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Discussion Starter #1
For those of you with nitrogen-filled tires, how do you cap off if a few PSI are needed? It's getting colder and according to TPMS a wee bit extra is in order.

I have a compressor and a high-pressure bike pump, but those won't add nitrogen (unless there's a modification I have not heard about). Going to the dealer is, I guess an option... 50 miles R/T for a little air and those won't be cold inflation pressures by then anyway.

I thought about asking the gas place where I get CO2 for the keggerator if he can supply a tank of nitrogen.

Alternatively, just use regular air and not worry about it.
 

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+1. Nitrogen is easy money for the shops.

Your only choice is to buy a nitrogen tank, go to the shop for a top off, or use air.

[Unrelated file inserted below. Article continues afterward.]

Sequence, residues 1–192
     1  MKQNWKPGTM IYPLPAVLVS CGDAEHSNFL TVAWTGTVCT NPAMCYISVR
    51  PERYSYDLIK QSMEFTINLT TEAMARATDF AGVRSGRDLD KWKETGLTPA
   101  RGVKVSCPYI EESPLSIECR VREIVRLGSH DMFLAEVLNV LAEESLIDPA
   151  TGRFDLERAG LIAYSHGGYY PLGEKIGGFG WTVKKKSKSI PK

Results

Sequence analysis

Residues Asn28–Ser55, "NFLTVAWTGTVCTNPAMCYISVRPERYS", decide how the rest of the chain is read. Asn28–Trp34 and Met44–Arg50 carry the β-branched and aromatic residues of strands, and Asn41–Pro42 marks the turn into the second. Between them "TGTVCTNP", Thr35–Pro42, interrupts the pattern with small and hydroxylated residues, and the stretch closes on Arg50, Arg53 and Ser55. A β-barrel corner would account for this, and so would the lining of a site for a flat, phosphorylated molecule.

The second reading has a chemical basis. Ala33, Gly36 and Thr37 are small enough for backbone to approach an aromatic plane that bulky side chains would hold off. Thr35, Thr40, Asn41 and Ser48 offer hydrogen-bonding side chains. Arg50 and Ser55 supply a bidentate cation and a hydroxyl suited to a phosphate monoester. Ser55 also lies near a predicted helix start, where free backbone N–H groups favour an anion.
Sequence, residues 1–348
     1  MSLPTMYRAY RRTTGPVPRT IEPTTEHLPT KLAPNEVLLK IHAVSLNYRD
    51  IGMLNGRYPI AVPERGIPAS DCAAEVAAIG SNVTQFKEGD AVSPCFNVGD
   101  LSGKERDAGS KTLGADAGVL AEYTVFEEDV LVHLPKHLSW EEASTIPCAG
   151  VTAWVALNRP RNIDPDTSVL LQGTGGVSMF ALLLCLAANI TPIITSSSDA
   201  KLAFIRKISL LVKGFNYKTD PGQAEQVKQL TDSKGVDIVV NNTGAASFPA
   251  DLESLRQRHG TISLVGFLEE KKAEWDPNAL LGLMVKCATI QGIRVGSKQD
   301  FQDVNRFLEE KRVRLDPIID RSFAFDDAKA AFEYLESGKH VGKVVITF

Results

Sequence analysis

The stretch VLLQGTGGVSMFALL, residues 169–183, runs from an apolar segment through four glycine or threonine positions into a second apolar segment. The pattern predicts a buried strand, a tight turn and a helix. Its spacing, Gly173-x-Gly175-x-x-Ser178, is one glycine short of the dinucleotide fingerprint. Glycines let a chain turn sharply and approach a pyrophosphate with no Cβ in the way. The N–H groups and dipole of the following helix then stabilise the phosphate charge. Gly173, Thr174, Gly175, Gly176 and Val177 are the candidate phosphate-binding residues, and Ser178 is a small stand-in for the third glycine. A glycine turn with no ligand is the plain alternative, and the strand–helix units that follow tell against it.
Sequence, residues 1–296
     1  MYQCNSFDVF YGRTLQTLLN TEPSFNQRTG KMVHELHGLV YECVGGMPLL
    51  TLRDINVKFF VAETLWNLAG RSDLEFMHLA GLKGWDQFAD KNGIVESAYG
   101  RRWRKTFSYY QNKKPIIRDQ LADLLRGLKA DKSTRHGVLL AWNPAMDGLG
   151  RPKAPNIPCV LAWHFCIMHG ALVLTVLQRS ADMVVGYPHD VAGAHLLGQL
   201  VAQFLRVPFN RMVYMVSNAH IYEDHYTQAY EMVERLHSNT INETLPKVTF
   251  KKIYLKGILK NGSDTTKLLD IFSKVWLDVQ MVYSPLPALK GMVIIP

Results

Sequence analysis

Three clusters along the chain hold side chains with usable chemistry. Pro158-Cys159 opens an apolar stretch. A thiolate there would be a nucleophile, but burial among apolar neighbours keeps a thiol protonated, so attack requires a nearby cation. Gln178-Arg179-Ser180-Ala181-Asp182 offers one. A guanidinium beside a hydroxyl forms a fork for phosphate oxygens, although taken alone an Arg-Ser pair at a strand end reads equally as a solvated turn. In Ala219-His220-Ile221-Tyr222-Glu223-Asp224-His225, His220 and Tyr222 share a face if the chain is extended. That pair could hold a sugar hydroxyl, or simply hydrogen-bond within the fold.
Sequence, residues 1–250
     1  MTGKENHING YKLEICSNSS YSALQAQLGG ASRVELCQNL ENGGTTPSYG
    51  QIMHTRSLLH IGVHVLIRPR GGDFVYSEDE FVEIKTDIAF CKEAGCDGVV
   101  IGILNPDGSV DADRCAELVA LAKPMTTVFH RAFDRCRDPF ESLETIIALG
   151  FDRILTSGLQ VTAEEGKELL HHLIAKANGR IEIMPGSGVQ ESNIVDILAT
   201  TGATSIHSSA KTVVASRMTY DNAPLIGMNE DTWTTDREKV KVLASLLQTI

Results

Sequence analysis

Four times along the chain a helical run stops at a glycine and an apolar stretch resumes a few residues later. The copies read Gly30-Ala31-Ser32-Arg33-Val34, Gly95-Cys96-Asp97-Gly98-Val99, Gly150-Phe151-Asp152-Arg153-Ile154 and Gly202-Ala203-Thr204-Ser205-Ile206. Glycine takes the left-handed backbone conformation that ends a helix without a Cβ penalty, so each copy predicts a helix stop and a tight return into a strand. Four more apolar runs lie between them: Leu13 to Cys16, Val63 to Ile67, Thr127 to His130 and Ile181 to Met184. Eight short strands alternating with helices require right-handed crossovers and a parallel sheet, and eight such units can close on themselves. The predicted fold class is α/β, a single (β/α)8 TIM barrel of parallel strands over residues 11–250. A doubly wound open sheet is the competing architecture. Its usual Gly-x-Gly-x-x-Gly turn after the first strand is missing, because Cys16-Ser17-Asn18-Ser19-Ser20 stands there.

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I agree - just use regular air. However, if you think it matters, Costco was using nitrogen in their tire shop and willing to top off free. I think that numerous studies have shown that there is no difference in a passenger tire, from Edmunds:

The air we breathe is made up of 78 percent nitrogen, 21 percent oxygen and a few other elements. To get the desired benefits for tires, nitrogen needs to be at least 93 percent pure, according to nitrogen service equipment providers quoted on Tirerack.com. So we're basically talking about adding an extra 15 percent of nitrogen and getting rid of as much oxygen as possible.
Based on cost, convenience and actual performance benefit, we don't think nitrogen is worth it. A much better use of your money would be to buy a good tire-pressure gauge and check your tires frequently. This is a good idea even if you have a tire-pressure monitoring system in your vehicle. The warning lights aren't required to come on until you have less than 25 percent of the recommended tire pressure. Having the correct tire pressure will get you many of the benefits of using nitrogen and will ensure that your tires last longer.




For those of you with nitrogen-filled tires, how do you cap off if a few PSI are needed? It's getting colder and according to TPMS a wee bit extra is in order.